Since 1974 The Family Educational Rights and Privacy Act of 1974, also known as FERPA, has provided coverage to parents in regards to their children’s privacy. It protected students records, files, documents, and data. Common Core circumvents these protections. It is the framework to keep data on a child from preschool through age 20. The parents and guardians of local students in Ventura County were offered a way to reinstate these protections. Chappell warned that FERPA was weakened in December, 2011, to help facilitate Common Core.
He opined that the pendulum is swinging back and that he believed Common Core would collapse of its own weight, especially the data mining. He noted that NY, which is a year ahead of the nation in implementation, is experiencing a higher number of requests for student psychological counseling and higher number of teachers leaving. He advised parents not to accept the iPads for their children, to order that no data mining be done and no assessments be performed. He advised that parents whose kids DO have the Pads get logins and monitor what’s happening. Nothing was discussed about the feasibility of parents providing tablet computers under their own control. He noted that CA and 25 other states have already signed agreements to provide data. He mentioned that the Pearson (a Common Core owner) curriculum is incomplete and ambiguous.
Brad Dacus, Esq.
Brad Dacus spoke next letting the audience know, “We do all our work without charge.” He stated that, “Common Core… it’s a major game changer…Most radical change in decades.” The nefarious aspect of the program is, data mining our children. Dacus said, “The government…will gather information on your religion, your family.”
There are other outrageous examples of government intrusions in education, such as the two decades ago CLAS test, which attempted to gauge the psychological makeup of children – and send the results to Child Protective Services. This was subsequently eliminated.
“There is no limit to the potential problems with data mining.” “Do not be afraid- be educated and act accordingly.” – Brad Dacus
He said there is no downside to opting out, no legitimate loss of funding. This all has nothing to do with Title 1 funding, which is a whole separate issue. Parents rights have been researched and are clear. These have been incorporated into the opt-out strategy, which encompasses assessments as well as data mining.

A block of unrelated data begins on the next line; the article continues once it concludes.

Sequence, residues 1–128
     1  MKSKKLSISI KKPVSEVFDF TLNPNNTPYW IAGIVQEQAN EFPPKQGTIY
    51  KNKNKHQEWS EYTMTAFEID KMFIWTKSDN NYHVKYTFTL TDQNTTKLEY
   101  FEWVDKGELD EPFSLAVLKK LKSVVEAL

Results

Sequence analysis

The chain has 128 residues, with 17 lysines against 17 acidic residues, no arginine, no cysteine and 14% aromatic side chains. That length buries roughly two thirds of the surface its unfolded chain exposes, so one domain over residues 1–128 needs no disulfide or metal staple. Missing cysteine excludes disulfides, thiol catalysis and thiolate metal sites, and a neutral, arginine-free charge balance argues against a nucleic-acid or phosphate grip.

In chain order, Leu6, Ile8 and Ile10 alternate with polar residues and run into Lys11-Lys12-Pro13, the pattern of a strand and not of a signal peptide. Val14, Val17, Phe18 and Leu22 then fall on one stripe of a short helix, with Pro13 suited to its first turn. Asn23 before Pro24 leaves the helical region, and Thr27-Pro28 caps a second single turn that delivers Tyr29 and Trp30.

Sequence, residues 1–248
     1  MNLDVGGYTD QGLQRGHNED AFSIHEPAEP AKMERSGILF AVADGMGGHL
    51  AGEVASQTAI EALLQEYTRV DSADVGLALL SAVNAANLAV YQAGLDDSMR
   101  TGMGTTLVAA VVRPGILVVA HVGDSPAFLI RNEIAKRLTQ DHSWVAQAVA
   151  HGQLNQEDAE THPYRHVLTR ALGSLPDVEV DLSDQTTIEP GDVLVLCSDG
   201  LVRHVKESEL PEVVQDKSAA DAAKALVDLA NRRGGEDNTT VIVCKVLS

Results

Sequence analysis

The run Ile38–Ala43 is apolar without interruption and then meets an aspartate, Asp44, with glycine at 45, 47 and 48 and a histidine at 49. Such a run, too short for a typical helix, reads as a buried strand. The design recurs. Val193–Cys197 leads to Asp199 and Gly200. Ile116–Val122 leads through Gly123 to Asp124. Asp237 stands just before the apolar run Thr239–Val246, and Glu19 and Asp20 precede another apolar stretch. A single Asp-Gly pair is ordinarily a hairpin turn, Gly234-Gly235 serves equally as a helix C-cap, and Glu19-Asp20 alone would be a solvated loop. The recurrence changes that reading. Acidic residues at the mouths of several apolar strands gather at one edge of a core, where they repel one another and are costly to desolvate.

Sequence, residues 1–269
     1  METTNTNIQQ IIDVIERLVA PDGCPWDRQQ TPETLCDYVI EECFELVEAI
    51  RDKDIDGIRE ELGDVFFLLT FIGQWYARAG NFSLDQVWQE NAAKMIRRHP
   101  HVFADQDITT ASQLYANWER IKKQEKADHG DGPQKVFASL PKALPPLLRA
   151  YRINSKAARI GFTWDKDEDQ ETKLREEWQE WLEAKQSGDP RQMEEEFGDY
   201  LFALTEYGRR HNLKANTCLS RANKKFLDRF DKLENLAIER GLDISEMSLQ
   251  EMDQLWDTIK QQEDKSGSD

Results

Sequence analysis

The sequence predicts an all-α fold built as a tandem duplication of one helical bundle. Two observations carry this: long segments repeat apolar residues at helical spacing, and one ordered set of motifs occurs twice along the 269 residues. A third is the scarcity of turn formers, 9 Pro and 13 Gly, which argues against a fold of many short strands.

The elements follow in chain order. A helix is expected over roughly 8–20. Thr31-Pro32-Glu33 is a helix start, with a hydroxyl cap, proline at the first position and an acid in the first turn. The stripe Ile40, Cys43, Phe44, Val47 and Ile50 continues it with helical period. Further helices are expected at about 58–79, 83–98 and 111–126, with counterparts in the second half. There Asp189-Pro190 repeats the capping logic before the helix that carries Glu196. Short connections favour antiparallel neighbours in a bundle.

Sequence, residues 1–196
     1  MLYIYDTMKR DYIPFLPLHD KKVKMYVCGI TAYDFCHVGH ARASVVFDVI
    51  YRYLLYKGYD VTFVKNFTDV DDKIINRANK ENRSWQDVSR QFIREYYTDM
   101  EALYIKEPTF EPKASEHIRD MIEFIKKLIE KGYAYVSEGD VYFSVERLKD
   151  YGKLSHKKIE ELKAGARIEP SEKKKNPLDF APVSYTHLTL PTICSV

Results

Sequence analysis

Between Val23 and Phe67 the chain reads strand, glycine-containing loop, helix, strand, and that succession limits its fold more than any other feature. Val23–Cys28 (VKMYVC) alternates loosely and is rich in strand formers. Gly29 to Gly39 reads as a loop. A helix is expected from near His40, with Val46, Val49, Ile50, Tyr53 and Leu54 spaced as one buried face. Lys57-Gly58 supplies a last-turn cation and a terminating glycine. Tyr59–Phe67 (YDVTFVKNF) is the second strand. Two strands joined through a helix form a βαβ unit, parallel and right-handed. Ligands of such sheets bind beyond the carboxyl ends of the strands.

Brad Dacus, Dr. Chappell and Tony Dolz worked together to develop a legally vetted data mining opt-out form and accompanying strategy for parents and guardians. Dacus said unlike some other states, “There are many good codes,” that protect privacy in California. You can read some of them HERE . He also advised us to download his book “Reclaim Your School,” which has a Christian orientation.
The opt-out form relies on these codes. You can download the opt-out form at: http://www.concernedparentsofconejovalley.com/ . (To out of state readers: the strategy is optimized for California law and would require modification elsewhere).
Mr. Dacus said that filing the opt-out form claim removes the schools’ ‘”qualified immunity,'” because it constitutes putting them on notice of parents’ assertion of their rights. Actually, he said, CA law requires prior notice and written parental consent. He said that the opt-out form was designed to adhere as closely as possible to CA codes.
People were lined up on both sides of the room to ask questions and/or comment. Every single one was opposed to Common Core and seemed to be interested in what to DO about it. Here’s a summary of a few of those questions. Watch the rest when the video is available.
Tracy Dunbar, a well-known local Common Core opponent is horrified at the extent and intended goals of the data mining, She referred us to the ed.gov site, specifically to the “Promoting Grit, Tenacity and Perseverance” piece there. She cited page 44 references to utilizing the “latest technology,” including retinal scans for “biometrics,” facial recognition scanners, biometric chair pads to measure squirm and dare we say- “arousal.” Ms. Dunbar wants to make sure that opt-out is available. Ms. Dunbar home-schooled her own children.